Orchestra Collective blends youth and experience on debut at Government House Ballroom, Perth
A heady blend of youth and experience brought vim and vigour to familiar classics when The Orchestra Collective played on debut at Government House Ballroom.
With principals from WA Symphony Orchestra backed by music students from UWA and WAAPA, conductor John Keene evoked a brisk and bright delivery from the start, the portentous opening chords of Mozart’s Don Giovanni overture finding a delicate balance in the intimate setting.
All but the lower strings were standing, the players swaying to the music as if in a dance; the classic style of the venue adding to the composer’s timeless appeal.
Resetting the stage for Mozart’s first flute concerto was refreshingly fluid, with little equipment to move, and the opening strains of the Allegro Maestoso first movement swelled the sense of assurance soloist Andrew Nicholson brought to the room.
Like all experts, the WASO principal always seems to have all the time in the world, as if duetting casually with leader and WASO colleague Semra Lee-Smith.
Around this the orchestra wove an immersive soundscape that embraced without smothering Nicholson’s brilliance, runs and intervals executed fluently, the cadenza a standout moment; full-voiced and sincere.
Mellow in the introduction to the Adagio, the ensemble settled under the flute, first violins again swapping phrases with the lead, then accompanying through to a nicely nuanced cadence.
A bright onset to the Rondo: Tempo di menuetto brought crisp interplay between solo and tutti, the back row of horns and woodwind punctuating precisely; Nicholson at his most sonorous in the richly textured finale.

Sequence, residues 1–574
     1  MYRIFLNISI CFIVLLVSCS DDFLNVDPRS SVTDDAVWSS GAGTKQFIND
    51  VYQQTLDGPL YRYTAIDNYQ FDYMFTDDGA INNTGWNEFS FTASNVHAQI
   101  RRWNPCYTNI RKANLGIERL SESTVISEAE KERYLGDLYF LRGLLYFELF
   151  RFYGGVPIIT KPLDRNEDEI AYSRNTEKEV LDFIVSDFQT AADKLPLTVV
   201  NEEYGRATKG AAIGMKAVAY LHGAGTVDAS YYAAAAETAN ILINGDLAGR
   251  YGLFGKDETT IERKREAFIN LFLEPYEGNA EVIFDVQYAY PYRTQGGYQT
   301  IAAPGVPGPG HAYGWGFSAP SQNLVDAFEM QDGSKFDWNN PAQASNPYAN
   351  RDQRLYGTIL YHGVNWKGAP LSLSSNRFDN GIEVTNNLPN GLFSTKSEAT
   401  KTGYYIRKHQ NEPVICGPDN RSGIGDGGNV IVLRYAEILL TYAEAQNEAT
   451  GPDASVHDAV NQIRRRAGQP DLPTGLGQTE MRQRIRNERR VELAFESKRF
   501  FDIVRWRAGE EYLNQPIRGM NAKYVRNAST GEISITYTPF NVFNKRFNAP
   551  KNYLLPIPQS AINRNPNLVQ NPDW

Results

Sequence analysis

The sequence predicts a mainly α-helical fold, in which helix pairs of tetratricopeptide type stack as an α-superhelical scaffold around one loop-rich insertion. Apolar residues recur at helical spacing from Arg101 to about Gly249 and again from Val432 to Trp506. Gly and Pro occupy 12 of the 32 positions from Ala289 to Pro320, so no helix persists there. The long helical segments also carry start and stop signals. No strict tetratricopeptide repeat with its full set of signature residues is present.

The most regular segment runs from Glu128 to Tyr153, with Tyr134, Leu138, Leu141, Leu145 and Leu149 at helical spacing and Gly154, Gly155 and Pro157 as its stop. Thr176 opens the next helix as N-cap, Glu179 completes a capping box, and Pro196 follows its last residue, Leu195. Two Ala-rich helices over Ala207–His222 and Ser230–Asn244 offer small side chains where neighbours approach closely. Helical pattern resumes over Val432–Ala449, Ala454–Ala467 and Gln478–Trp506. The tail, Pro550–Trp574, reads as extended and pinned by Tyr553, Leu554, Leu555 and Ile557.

In a time of COVID and the short-format Fringe, that might have been enough to tick The Orchestra Collective’s box: to create a bridging experience for students to work alongside professionals.
But Keene, also WASO deputy principal double bass, had other ideas for Beethoven’s Seventh Symphony.
Stentorian opening chords challenged the Ballroom’s acoustic, modulating as the drama of the music took hold, woodwind and strings a pleasing combination with brass highlights.
Nicholson, now in the ensemble, became a third centre of gravity after conductor and leader, with strong melodic leads and presence.
Above all it was fun, on- and off-stage, as Keene deftly handled changes in dynamics and tempi, especially the awakening and quickening into the cadence.
An attacca lead into the second, Allegretto movement brought a burst of energy.
Syrupy strings found the beat, morphing to mystery, underpinned by solid timpani so crucial to this era and genre; woodwind picking up momentum in the major change.
Keene signalled intent here, with mood swings from dark and dense to lyrical and light, winding up blissfully.
The Presto third stanza exploded into life, the orchestra wringing every ounce of exuberance, Keene exploiting every folkloric flourish.
Finally, the Allegro con brio doubled down on intensity, celebrating what Wagner called “the apotheosis of dance” in a fair dinkum ballroom.
Expect to find this debutante ensemble’s card marked for the next hoedown.
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